Francis Tapon was born and raised in San Francisco, California and has traveled to over 75 countries. He co-founded a successful Silicon Valley company, and he has also worked at Hitachi Data Systems and Microsoft. He thru-hiked the Appalachian Trail and the Pacific Crest Trail. In 2007, he became the first person to do a round trip on the Continental Divide Trail. He wrote Hike Your Own Hike: 7 Life Lessons from Backpacking Across America and The Hidden Europe: What Eastern Europeans Can Teach Us. He has a degree in Religion from Amherst College and an MBA from Harvard Business School.
How did you get started traveling?
Soon after I was born. Although I was born in San Francisco, my mom is from Chile and my dad was from France. Therefore, to see any relatives, we had fly a long way. My first big solo trip was right after college: the classic Western European tour that many college grads do. My first big backpacking trip was thru-hiking the Appalachian Trail.
How did you get started writing?
While I was hiking the Appalachian Trail, I wanted to summarize the lessons I learn from the trail. So I penned my first book, Hike Your Own Hike.
What do you consider your first “break” as a writer?
Getting on to the most-listened to radio station in America: KQED. I was interviewed for one hour on Forum with Michael Krasny. It’s a San Francisco Bay Area radio show that I had listened to many times. I had always admired Krasny’s interview skills and general intelligence. He is a hero of mine. Therefore, I was thrilled to get an hour on his show to talk about The Hidden Europe, my second book.
As a traveler and fact/story gatherer, what is your biggest challenge on the road?
Language barriers. Although I’m fluent in Spanish and French, and I can vaguely understand Portuguese and Italian, there are still hundreds of languages that I can’t speak. It’s frustrating when I meet an old person who I’m sure is filled with fascinating tales and I can’t get those stories out of him or her. I usually find young people to help me translate, but often even young people can’t speak one of my languages. So sometimes I can’t get the story.
What is your biggest challenge in the research and writing process?
Knowing when to stop researching. You can spend your whole life reading and researching almost any subject. At some point, you have to say, “That’s enough, I’m going to start writing.”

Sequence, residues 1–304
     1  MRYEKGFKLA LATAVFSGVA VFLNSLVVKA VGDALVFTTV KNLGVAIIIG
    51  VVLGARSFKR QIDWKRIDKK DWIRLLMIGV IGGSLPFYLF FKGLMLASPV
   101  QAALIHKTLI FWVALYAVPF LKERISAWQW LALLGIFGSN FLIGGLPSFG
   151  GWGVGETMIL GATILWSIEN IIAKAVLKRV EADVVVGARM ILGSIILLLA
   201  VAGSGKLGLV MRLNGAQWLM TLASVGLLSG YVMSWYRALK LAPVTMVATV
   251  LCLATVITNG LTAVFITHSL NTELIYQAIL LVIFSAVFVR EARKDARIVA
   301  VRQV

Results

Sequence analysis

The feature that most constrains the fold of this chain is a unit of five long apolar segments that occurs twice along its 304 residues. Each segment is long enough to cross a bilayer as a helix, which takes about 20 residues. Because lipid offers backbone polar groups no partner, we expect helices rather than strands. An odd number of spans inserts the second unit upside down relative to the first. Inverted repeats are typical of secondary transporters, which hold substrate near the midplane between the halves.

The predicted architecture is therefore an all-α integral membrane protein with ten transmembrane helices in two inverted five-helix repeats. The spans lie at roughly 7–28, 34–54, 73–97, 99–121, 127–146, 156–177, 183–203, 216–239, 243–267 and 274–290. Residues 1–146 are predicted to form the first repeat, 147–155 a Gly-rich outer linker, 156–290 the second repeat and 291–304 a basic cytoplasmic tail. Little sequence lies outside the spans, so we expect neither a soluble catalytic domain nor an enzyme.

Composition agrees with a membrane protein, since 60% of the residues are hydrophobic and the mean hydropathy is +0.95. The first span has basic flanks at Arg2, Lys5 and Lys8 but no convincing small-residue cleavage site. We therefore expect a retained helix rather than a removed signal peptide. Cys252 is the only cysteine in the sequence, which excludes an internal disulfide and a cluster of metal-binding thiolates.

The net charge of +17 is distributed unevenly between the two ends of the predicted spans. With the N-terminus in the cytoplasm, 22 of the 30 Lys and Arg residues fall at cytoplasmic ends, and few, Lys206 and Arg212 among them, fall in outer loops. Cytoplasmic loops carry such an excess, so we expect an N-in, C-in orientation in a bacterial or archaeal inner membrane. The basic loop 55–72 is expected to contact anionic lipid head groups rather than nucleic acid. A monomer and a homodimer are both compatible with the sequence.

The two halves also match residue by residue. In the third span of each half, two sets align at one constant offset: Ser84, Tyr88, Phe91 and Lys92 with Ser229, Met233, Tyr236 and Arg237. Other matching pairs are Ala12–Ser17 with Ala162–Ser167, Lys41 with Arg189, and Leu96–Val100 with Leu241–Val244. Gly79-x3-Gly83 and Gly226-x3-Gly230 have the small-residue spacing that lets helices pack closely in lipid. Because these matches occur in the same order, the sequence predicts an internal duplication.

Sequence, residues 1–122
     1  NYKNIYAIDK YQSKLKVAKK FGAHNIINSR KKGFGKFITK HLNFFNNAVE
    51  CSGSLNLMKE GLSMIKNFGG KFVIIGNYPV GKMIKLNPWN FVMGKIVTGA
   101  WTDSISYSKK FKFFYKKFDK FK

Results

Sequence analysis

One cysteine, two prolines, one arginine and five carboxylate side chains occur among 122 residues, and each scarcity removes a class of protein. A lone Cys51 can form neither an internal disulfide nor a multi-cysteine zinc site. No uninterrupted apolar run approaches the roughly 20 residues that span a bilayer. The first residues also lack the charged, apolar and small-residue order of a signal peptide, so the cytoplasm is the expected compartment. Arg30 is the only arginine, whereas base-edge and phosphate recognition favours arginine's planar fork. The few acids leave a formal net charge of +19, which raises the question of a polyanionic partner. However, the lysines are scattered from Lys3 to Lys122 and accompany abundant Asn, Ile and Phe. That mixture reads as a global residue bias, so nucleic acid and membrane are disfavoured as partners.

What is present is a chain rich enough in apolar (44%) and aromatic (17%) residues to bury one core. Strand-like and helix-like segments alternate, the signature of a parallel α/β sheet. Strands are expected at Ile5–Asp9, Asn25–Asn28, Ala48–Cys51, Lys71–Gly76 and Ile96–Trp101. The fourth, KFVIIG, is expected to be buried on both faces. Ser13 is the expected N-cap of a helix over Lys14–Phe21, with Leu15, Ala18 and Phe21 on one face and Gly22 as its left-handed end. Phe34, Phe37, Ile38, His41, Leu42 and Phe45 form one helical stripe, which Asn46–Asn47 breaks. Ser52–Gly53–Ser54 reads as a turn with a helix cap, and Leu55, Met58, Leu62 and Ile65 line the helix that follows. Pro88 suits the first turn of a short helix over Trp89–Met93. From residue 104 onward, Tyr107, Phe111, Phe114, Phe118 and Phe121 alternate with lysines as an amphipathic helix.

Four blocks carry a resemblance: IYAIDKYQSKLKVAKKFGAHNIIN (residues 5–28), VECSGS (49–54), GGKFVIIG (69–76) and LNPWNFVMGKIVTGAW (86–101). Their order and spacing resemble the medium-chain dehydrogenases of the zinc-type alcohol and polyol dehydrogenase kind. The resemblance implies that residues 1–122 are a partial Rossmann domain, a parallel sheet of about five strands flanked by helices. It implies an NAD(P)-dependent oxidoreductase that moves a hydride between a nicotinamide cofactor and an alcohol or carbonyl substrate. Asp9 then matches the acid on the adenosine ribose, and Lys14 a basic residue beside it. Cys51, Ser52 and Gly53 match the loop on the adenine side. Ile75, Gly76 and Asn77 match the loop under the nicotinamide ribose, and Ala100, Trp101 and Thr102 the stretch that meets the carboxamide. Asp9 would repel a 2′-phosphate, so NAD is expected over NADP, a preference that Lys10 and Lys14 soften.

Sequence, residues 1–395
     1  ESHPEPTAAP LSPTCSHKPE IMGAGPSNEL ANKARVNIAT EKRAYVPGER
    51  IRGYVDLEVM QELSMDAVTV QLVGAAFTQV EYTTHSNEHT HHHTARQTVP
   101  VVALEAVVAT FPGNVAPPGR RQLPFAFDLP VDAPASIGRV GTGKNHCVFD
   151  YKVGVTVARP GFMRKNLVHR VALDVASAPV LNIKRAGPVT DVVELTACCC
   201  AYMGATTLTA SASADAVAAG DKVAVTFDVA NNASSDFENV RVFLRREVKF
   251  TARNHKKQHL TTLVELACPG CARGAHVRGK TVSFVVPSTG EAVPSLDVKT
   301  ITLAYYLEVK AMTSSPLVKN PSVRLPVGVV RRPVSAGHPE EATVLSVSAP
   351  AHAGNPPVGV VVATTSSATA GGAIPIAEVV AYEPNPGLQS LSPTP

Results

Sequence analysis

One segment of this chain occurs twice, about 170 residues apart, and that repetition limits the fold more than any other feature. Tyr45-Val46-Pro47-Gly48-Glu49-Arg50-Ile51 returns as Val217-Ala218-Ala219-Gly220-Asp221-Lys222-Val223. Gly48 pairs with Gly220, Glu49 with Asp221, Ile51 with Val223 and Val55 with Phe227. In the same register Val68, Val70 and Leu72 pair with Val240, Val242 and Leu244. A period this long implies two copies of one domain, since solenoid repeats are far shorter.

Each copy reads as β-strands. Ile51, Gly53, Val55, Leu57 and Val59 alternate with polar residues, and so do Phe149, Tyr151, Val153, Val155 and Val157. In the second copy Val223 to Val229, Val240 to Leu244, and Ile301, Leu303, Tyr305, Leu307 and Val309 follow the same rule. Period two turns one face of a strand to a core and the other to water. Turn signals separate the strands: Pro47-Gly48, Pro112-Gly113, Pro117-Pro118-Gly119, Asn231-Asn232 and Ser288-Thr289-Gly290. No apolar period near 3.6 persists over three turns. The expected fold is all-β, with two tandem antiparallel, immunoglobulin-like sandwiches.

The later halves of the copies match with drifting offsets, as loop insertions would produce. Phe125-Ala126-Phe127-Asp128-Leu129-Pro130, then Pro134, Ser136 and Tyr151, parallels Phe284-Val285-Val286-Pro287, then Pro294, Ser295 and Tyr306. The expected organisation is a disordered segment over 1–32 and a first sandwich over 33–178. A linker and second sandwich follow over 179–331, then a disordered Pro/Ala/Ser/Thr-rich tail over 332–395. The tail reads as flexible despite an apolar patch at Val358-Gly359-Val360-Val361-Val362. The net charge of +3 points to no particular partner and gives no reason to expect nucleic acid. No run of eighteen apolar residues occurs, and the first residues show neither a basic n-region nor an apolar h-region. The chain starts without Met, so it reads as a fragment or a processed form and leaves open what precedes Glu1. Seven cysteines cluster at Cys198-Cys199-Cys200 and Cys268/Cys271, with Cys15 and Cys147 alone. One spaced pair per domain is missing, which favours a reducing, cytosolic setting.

The biggest challenge for writing is ignoring the Internet drug. The temptation of wasting hours on the Internet is monumental. The only way I solved it was living in a house in village in Croatia that had a great view of the Adriatic, but no Internet at all. Once a week I would check email. I would also download Wikipedia pages and read them at home. I was disconnected for about one year.
What is your biggest challenge from a business standpoint?
Writing is a horrible way to make money. So from a business standpoint and as a Harvard MBA, I must say that there’s are so many other ways to make money that are far superior than writing. Do NOT do it for the money. Please. In fact, you could lose money just doing the promotion.
Promotion is the toughest part. There’s a common myth that if you just write a brilliant book, you just have to sell it to 100 people and then word-of-mouth will turn it into a bestseller. Then you can sit back and collect checks. Wrong! Excellent writing helps sell the book, but ultimately you have to relentlessly promote it, at least until you have a few thousand of true fans. Not 2,000 Twitter followers or 2,000 Facebook “Likes.” No. You need at least 1,000 rabid, I’ll-buy-and-spread-the-word-of-whatever-drivel-you-write fans. Getting that critical mass is one of the toughest things a successful writer must achieve.
Have you ever done other work to make ends meet?
I saved most of my money during the four years that I consulted for Microsoft and Hitachi. I’ve been living off my savings ever since. My book revenue provides a trickle of revenue that helps, but, so far, is not enough to keep me from tapping into my savings every month.
Fortunately, frugal vagabonding can cost roughly $10,000 a year, so I can avoid “real” work for a long time. I hope that somewhere along the line my book and services (public speaking, guiding, personal coaching) will start producing enough revenue that it will exceed my expenditures so that I can stop digging into my savings every week. That gets old after a few years.
What advice and/or warnings would you give to someone who is considering going into travel writing?
Don’t quit your day job unless you have enough money to sustain yourself for at least three years. Even after you finish writing your book, it takes a long time to publish and promote it. You won’t see revenue for years. And even when the money starts to flow, it’s usually just a trickle and rarely goes beyond that. Do your best to be the exception to this rule, but at the same time don’t bank on being the exception (unless you have a big bank account).
What is the biggest reward of life as a travel writer?
The flexibility and the joy of doing what you love. Everyday someone tells me, “Francis, you’re living the dream.” Amen. I’m profoundly grateful everyday that I’m travel writer.